April 22nd, 2005

thoughtful

People, Civility, Thoughts: Or How I Learned To Stop Worrying And Love The Internet

One of the most interesting and admirable things I think about whiskeygirl8 is that, while she doesn't have the same opinions as me on many things. She is willing to talk, or even debate them, reasonably and without anger or emotional upheaval.

Not that we've done that recently, but its a point in her favour. Also, its a point in sisiphus's favour too.

The internet is one of those things that brings up a lot of negative "debate" tactics. Usually called "flaming row" or "raging argument". Religion sparks it a lot. Now I'm not religious, I find the idea fits in my head like a square peg in a hole that is not only the wrong shape, but on a different plane of existance. Thats fine. I'm not religious, but I respect it in other people. Thats their belief system and, as long as it doesn't affect me, or harm others... then they can do what they want.

Politics sparks it up as well, and whilke I am political I find that most of my political opinions fall so widely from one another that as soon as I read anything poltical I either get bored or get annoyed. Mostly however personal politics doesn't really affect me online. Most people class me as "left" which is funny, because I find most people who take sides to be annoying... so generally I stay out of political discussions.

Of cource posting a biased opinion as fact in a public forum generally is inviting debate, but even then unless I can contribute effectively or at least have a fleshed out case -- I won't debate their point. If someone is quoting incorrect facts (or, more usually, half-truths as fact), and I know the correct ones, I'll say so. If they dont' want to listen to me, fine, but when you argue with flawed reasoning then you cease to make much sense. I'll listen, up to a point, but don't expect me to treat you any differently to how you treat me.

I guess the point I'm trying to make in a very rambling, disjointed way is this: I don't care what your political views are, I don't care about your faith, I care about you being rational, civil human beings. I may disagree with you, I may not like what you say. I will not however get pissed at you for saying your opinion in a sensible way.

I honestly don't see why so many people have a problem with just doing that...
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YIM Doodle

Ethnicity.

One of the things that bugs me is the tendancy for people to say "I'm Irish" or similar when in fact only their great-grandparents were from Ireland.

America, I'm looking at you.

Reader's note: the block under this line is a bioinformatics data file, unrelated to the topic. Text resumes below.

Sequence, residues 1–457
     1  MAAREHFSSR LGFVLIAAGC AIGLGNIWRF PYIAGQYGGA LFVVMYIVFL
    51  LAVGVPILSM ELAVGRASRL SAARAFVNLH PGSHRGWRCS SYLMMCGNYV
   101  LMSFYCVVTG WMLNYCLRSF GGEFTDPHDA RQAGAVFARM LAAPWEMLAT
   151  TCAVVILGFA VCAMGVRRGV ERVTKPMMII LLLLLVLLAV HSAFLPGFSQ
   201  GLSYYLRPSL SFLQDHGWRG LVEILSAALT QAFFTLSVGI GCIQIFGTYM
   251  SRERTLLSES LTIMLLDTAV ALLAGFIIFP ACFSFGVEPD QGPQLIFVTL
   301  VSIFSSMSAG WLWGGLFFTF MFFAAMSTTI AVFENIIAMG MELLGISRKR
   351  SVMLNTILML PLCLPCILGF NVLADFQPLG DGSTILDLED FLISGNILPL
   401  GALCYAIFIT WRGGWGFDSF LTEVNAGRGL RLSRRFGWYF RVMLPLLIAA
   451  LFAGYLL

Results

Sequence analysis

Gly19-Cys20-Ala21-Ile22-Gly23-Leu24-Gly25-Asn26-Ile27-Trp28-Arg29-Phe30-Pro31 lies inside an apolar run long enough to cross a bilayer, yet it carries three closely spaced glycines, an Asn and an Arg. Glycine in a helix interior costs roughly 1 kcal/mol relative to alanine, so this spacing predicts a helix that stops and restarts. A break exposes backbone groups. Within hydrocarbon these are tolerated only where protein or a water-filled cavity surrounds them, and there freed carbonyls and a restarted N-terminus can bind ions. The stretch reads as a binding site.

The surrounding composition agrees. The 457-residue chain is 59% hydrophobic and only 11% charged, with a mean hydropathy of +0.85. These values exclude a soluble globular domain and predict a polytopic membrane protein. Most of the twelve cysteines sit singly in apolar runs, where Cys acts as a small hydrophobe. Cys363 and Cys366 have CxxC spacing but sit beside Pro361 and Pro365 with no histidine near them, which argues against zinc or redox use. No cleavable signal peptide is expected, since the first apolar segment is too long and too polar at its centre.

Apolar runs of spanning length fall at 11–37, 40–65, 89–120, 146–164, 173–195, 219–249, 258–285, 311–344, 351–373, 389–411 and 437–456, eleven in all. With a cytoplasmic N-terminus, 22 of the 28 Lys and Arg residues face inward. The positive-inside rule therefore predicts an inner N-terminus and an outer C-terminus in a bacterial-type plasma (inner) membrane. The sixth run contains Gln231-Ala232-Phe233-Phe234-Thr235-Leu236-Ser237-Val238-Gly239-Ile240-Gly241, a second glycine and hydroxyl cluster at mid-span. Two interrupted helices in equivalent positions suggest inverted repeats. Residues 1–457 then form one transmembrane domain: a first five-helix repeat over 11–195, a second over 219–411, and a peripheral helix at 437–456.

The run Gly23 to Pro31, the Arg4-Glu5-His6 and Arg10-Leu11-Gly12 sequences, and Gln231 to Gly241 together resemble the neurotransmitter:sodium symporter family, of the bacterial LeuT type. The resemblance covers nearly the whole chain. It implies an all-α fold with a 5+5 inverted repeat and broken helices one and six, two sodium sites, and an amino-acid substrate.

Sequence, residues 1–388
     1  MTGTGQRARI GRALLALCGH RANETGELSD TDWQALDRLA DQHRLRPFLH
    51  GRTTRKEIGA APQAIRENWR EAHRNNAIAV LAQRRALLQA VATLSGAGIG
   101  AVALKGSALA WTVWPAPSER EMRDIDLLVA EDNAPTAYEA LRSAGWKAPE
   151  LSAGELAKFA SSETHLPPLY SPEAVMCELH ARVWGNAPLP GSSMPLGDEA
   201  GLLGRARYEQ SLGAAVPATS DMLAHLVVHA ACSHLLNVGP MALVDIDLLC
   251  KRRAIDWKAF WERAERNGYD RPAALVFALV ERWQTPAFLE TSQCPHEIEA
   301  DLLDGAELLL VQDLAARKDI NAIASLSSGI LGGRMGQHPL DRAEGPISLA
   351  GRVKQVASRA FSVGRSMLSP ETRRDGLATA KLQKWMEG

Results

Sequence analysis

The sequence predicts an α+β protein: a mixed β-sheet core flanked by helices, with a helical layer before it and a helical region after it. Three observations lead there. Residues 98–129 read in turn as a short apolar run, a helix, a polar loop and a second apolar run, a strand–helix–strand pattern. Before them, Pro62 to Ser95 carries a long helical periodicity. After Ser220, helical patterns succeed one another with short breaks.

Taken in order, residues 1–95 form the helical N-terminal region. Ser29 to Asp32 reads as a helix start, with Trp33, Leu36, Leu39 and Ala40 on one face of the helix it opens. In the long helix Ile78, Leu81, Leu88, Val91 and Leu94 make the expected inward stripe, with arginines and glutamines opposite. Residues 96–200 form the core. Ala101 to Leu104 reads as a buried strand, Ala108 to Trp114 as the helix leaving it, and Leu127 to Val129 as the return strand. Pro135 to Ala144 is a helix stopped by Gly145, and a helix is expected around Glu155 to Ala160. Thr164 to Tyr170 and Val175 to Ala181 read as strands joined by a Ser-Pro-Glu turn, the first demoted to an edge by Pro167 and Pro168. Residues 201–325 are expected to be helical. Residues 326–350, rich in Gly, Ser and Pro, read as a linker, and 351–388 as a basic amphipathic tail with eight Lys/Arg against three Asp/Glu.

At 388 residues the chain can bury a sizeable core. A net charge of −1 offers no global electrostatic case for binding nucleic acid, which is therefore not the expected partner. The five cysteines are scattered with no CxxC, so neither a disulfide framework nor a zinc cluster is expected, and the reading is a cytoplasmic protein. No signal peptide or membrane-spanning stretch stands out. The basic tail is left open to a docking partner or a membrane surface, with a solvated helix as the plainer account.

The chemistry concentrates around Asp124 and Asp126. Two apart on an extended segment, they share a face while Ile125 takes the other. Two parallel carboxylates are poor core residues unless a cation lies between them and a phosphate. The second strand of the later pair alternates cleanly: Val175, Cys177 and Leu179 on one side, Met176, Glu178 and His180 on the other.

Now don't get me wrong, there is nothing wrong with acknowleging your ethnic or cultural background, there is something wrong with wearing it like a badge, or just plain expressing it stupidly.

The attempt at middle ground by using both cultures just comes across as silly (eg african/irish/italian-american). If you were born in America - that is your nationality. It is also where you are from. You are not from wherever your parents are from. You have cultural ties there and, perhaps, ethnic roots there. But you are not from there.

It is of cource an identity issue. "I'm with that group, see? I have 'my people' now" is the gist of it. Its more prevalent in immegrant cultures like the states, because I guess it helps to feel like there are "your people" around.

I think an Indian girl at my University put it best: "My parents came over on a boat, I grew up watching Bollywood movies, but I'm British, its just my cultural herratage is Indian. Which is pretty cool."

She spoke two dialects of "Indian" (I forget which) before she could speak english properly. But she understood the difference. She identified herself as British because thats what she knew, and where she was born. Its a basic language issue really. There is a difference between nationality and cultural or ethnic background.

Saying "I'm German/Irish/African" is, unless you were born there, just wrong. You are not. No more than I'm a Viking because many many generations ago I had family there. You could get away with Celt, because that describes ethnicity and so instantly tells the other party what frame you are referencing, but where you are from is where you are born. Unless you answer "my parents" because thats correct too.

If you chose to identify with a specific culture in your family background then thats great (say... mexican, or brazillian), but you are not Mexican/Brazillian. You never will be. Sorry. Its about language, and I'm a bit of a tart about language, it needs to be used correctly.

Again, let me say: There is nothing wrong with identifying with a specific culture in your family history. Thats great. But you are not from where that culture is. Its a semantic issue, but semantics means meaning, so semantics are important. Without meaning there is no point to language.

In this case the language is being mis-used and in a dividing manner. Its adding a group mentality to things where they aren't needed. Its amazing what a difference a few words can make.
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umm hey

Phrases

Phrases are often mis-quoted. Here's one I noticed earlier today:

"Hoist with his own petard"

The correct phrase is "Hoisted by his own petard." A petard is a keg of gunpowder that would be placed against castle/fortress gates and lit. The fuses were rather unreliable -- so an unlucky, or just plain incompetant, engineer could be hoisted (blown up) by his own petard.

What are ones you've noticed or that irritate you?
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    curious curious